When Ashley Highfield, former the director of Microsoft's UK consumer and online business and previous head of technology for the BBC, was appointed as CEO of Johnston Press last July, it was natural to assume that he would be guiding the publisher towards a digital future. But not long after he took up his position, The Guardian’s Roy Greenslade criticised him for defending print and offering “nothing different from what we have heard for years from the digitally-blind ink-stained veterans of the press.”
Perhaps Greenslade can rest easy now, because speaking at The Guardian’s Changing Media Summit last Wednesday, Highfield made a firm commitment to turning making Johnston Press’s local newspapers “digital-first”.
“We are going to be launching new websites for every one of our papers,” said Highfield, who is quoted by paidContent. “We’re going to flip the model from newspaper-first every day to digital-first, and you take the best and produce a bumper weekly in print. By 2020, that will be the model. We’ve run the numbers and think that can be a profitable model.”
Highfield’s new plans for Johnston Press’s local UK newspapers – which number over 300 – chime with the findings of Pew's recent annual report on the state of the media on the other side of the Atlantic. Pew stated that US media executives had predicted that “in five years many newspapers would print only on Sundays, or perhaps two or three days a week”.
At Johnston Press, digital growth is being partly spurred by the 140 mobile apps that the company launched at the end of last year, suggests the CEO. PaidContent writes that according to Highfield, Johnston Press has seen its online audience grow from eight to 10 million unique users as a result of the apps, which have “brought in a whole new audience for us - a younger, male, more upmarket demographic who find us by Googling on the mobile phone”.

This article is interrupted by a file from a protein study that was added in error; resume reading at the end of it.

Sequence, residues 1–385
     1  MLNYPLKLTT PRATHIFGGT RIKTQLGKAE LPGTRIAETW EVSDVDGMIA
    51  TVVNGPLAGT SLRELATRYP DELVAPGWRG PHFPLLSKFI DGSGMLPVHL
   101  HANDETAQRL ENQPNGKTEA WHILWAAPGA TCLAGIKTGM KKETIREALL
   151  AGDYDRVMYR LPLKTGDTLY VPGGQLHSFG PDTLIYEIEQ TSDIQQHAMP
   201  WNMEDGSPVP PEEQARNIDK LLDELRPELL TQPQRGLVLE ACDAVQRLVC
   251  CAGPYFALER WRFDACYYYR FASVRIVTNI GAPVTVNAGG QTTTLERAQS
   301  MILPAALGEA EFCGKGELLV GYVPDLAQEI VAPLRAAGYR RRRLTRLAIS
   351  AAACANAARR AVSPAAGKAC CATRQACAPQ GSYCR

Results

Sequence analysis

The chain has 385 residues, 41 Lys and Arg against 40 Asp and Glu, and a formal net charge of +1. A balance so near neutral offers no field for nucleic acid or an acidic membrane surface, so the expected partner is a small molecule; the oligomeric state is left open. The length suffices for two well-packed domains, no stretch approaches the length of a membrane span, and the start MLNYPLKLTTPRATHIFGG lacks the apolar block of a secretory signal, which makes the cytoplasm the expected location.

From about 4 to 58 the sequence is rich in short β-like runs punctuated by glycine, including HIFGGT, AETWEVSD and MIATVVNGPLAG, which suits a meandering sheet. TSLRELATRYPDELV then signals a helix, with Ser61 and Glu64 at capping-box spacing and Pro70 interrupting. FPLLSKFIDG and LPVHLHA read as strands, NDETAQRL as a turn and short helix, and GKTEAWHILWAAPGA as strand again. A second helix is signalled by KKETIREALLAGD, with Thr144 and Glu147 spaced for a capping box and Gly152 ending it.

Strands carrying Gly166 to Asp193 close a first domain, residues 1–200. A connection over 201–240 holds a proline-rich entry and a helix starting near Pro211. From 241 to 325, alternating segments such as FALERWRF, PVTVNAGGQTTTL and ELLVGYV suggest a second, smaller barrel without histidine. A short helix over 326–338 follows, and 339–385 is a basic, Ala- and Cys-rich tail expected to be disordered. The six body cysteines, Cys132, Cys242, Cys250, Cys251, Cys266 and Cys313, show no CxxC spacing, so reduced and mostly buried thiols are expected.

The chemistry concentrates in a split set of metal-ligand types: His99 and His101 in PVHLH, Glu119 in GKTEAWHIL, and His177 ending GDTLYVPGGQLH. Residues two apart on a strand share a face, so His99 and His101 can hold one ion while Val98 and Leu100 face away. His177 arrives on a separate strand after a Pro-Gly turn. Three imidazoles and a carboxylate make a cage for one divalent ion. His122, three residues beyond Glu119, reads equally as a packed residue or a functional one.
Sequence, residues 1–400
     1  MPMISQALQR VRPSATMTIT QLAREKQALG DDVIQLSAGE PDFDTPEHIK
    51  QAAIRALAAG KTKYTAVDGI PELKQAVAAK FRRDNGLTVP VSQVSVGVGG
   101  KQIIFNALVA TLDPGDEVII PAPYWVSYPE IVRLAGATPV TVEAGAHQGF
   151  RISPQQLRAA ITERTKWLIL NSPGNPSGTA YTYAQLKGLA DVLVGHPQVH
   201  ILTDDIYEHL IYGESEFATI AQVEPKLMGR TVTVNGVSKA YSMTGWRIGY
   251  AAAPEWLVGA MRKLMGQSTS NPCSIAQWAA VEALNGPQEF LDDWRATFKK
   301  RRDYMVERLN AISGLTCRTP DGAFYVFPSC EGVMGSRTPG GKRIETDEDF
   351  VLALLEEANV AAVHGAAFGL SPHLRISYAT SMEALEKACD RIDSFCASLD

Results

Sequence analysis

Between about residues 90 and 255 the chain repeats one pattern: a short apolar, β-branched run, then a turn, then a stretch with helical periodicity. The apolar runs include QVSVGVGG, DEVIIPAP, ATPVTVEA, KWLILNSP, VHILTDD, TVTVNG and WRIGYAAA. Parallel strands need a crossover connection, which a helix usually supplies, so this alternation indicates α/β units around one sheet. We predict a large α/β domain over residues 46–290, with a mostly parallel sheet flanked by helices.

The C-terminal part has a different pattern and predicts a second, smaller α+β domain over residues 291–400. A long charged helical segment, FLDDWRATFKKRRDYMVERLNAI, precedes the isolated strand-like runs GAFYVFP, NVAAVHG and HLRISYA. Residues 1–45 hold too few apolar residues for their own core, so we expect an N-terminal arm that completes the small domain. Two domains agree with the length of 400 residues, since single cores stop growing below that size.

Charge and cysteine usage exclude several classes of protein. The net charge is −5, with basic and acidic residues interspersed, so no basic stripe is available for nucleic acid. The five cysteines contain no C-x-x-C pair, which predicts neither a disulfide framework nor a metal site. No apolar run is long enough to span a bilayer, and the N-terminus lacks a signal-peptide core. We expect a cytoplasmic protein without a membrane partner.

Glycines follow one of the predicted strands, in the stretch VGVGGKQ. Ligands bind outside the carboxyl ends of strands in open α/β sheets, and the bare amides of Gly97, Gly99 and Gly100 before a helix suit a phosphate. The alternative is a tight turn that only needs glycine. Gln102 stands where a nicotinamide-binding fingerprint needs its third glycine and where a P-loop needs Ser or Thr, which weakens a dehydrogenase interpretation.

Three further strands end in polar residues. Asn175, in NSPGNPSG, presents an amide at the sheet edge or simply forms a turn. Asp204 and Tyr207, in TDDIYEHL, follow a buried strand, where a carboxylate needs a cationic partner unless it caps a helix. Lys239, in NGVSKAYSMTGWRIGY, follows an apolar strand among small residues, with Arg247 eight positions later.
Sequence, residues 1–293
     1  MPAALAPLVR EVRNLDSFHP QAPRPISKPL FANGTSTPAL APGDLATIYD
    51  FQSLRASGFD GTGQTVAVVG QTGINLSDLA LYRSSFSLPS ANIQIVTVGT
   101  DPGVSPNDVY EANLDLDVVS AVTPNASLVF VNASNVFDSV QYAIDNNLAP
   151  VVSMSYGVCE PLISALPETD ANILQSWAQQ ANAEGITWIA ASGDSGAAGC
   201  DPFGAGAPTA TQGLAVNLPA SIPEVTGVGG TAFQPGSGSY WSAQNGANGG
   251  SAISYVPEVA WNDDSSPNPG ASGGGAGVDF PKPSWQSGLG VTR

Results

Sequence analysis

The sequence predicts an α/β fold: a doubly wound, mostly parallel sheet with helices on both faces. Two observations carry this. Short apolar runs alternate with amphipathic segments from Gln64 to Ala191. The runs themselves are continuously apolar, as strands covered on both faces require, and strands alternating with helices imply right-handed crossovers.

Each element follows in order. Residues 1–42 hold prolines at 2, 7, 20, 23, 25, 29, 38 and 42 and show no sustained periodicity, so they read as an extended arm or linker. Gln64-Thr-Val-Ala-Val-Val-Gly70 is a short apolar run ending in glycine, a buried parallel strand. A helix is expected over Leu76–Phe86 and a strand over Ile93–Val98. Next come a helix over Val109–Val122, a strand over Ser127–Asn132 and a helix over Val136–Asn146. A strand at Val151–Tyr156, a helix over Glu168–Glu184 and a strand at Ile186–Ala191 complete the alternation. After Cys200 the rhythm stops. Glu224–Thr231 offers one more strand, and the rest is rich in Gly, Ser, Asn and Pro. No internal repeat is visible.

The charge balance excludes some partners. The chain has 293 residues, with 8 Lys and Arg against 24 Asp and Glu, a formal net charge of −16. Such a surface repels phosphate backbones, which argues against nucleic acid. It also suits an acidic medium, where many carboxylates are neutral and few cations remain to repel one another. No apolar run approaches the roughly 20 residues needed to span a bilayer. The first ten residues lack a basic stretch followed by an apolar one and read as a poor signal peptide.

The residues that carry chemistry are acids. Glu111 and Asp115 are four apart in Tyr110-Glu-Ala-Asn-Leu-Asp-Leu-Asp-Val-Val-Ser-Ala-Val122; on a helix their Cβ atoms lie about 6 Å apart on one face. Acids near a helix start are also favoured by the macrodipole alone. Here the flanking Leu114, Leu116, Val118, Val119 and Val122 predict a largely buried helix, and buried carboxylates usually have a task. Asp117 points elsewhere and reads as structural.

Journalism.co.uk also notes that social media is becoming more significant as a traffic driver, as titles that have not embraced Twitter have received a mere 10% of the hits of those which have.
Highfield wants to monetise Johnston Press’s digital growth through advertising. “The big shift happening over the last two years is the coming of behavioural targeting and exchanges - we’re seeing a dramatic increase in CPMs,” he states, quoted by paidContent, “I’m firmly in the camp of: by and large, monetisation is through an ever-more sophisticated advertising models.” The Guardian writes that Johnston Press currently derives 5% of its advertising revenue from digital, but wants to push that number up to 25% over the next three years.
Highfield also aims to make money from paid iPad apps. However, paywalls don’t figure in his digital plans. “The danger of putting your content behind the paywall, as News International did, is you don’t get indexed and you fall off the social graph,” said Highfield, as quoted by paidContent. “That’s not what the bread and butter of regional media is,” he said, “we’re about engaging with the community. We have to be free in order to do that”.
Highfield is choosing a different path from US regional publishers Gannett, and Lee Enterprises, which both recently announced that they would be putting up paywalls around most of their local daily publications, nearly 130 titles in all (80 for Gannett and 48 for Lee). But while paywalls may be gaining a stronger hold in America, according to Greenslade, Gannett has shown “no sign” of introducing the initiative at its British chain of titles, Newsquest.